A new £51m package of support will help families facing the cost-of-living crisis to pay their bills this winter, Ministers announced today.
The Welsh Government is releasing extra funding from its reserves to target support towards lower income households, providing immediate support for people facing rising living costs this winter.
The first phase of the Household Support Fund will target heating and eating – providing families with extra help to pay their energy bills over the winter and giving extra funding to foodbanks and community food schemes.
It comes as the UK Government has refused to reverse the cut of its £20 Universal Credit lifeline for tens of thousands of families and the Bank of England is warning inflation will rise to 5% by the spring, pushing prices even higher.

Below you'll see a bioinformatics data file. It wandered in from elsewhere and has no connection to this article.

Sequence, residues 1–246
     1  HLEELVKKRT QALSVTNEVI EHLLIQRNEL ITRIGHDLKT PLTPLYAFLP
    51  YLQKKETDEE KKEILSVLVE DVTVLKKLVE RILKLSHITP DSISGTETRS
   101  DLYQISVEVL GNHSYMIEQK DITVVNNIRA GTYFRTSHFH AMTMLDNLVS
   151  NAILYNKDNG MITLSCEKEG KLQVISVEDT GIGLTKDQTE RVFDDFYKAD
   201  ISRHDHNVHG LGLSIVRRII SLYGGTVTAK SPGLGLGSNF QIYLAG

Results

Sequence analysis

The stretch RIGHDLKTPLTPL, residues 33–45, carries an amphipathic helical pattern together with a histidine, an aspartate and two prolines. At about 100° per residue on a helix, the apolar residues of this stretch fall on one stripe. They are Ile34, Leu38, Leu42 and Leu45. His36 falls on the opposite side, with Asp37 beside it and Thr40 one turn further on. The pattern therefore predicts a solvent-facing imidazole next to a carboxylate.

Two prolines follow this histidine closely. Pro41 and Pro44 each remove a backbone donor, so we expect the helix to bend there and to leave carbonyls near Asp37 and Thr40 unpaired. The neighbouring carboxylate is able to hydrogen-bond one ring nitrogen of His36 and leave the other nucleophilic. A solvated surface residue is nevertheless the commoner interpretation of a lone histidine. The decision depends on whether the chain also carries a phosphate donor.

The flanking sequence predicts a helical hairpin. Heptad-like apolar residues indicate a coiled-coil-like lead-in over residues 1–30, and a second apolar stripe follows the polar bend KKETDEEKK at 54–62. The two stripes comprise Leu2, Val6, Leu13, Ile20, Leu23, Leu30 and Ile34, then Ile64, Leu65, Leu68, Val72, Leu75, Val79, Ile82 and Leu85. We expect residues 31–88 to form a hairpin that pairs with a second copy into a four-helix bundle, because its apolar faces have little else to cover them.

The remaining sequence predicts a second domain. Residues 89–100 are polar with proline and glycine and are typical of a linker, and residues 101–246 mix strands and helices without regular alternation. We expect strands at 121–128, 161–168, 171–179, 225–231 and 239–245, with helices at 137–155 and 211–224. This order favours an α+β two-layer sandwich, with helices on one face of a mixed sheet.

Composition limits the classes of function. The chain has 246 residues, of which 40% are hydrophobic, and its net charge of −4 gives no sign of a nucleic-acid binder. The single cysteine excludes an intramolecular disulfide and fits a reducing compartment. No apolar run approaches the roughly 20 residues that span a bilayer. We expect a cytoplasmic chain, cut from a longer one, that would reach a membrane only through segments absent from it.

Rebecca Evans, Minster for Finance and Local Government said: “Families across Wales are facing a real cost-of-living crisis thanks to rising prices and cuts to key benefit payments.
“To help tackle these unprecedented challenges, we are making £51m available to develop our own bespoke Household Support Fund to help with some of the costs families are facing.
“Where Westminster has failed to support families, the Welsh Government will step in and back our communities through this challenging period.”
Minister for Social Justice, Jane Hutt, has outlined the first measures, which will be funded.
More than £38m will be made available through a Winter Fuel Support Scheme for households in receipt of working age means-tested benefits.
Eligible households will be able to claim a one-off £100 cash payment. It will be available to all eligible energy customers regardless of whether they pay for their fuel on a pre-payment or a credit meter.
More than £1.1m has also been provided to support and bolster foodbanks, community food partnerships and community hubs. This will help them address food poverty, food insecurity and provide a wider range of services to help people and families maximise their income. It includes the extension of the successful Big Bocs Bwyd project to a further 25 schools.